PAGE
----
Monday, March 6, 2017

Lament from the Wilderness

This past Wednesday, our sweet little church had an Ash Wednesday service and asked me to write a prayer of lament to share. This is what I felt pressed into my heart, and rubbed in ashes on my forehead. Ashes which Isaiah couldnt stop pointing at, and Jayci asked to also have pressed into her own precious forehead. I am grateful for the reminders of the ways that the Lord is with us even in the wilderness, and the ways He can handle our questions and hurts with the gentlest of grace to our hearts. 

How Long Oh Lord?

How long will you hide your face from us, Oh Lord?
We are weary and the world seems gone mad. Our neighbors across all the nations cry with hunger and thirst unsatisfied. Wars and rumours and rumblings of pain fill our ears, while politicians offer unsatisfactory answers to our grief and fears, and our anxieties multiply within us. We try to catch our pain with words, or tears leaked salty from blinking eyes.
We are lonely and tired, we are isolated and angry. We want to hear your voice, Lord, to feel your nearness; but it seems at every turn all we find is silence. Silence covered by a relentless news cycle, silence marked mainly by all the noise. I find myself afraid of what lies ahead for our immigrant friends, what might heal these broken streets, a broken community, what future our children are growing up into. Our newsfeeds flicker with calamity and complaints, evidences of the ways we have forgotten that we belong to each other. We have allowed our neighbors to become strangers, and refused to allow the stranger to become neighbor.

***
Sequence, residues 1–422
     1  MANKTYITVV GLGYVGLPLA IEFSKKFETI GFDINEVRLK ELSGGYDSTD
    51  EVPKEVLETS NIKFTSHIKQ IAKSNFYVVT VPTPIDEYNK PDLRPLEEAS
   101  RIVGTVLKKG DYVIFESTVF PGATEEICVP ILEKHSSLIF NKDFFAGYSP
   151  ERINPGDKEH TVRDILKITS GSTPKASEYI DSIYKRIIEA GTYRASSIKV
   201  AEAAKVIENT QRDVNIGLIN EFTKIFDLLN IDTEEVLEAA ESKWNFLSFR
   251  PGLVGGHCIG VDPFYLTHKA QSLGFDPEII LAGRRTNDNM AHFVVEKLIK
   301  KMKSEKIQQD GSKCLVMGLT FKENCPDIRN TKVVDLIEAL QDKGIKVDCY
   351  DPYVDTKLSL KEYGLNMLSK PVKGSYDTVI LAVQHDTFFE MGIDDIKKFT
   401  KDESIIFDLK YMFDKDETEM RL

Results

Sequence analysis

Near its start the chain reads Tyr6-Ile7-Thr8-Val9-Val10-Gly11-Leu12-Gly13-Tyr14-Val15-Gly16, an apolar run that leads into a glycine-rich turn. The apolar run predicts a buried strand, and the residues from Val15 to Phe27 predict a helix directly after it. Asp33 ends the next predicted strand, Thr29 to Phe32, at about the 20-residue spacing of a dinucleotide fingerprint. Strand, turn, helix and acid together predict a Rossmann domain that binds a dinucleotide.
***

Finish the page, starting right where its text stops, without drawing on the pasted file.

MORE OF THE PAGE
Ashes wiped dirty across my forehead, a reminder to myself that I have come from dust, and to dust I will return. A reminder of the way Jesus lived in desert dust for 40 days, the way your people wandered in the wilderness for 40 years. We need your nearness now more than ever, as we enter into this season of lent. Of ashes and dust and wilderness wandering on the path to the cross. We prepare ourselves for death, and for resurrection. Allowing ourselves in this moment to live differently, to start with the death and the emptying and live backwards to the birth and forwards to the resurrection simultaneously.

And so I pray that today, we will be reminded that though we are tired, heartbroken, yearning for more, settling for less, afraid, rejected, addicted, lonely, or doubting; no matter who or what we are, we find hope together in the promise that You are the one who formed the very dust of the earth and our bodies alike, and that you love us desperately and offer grace to us all.

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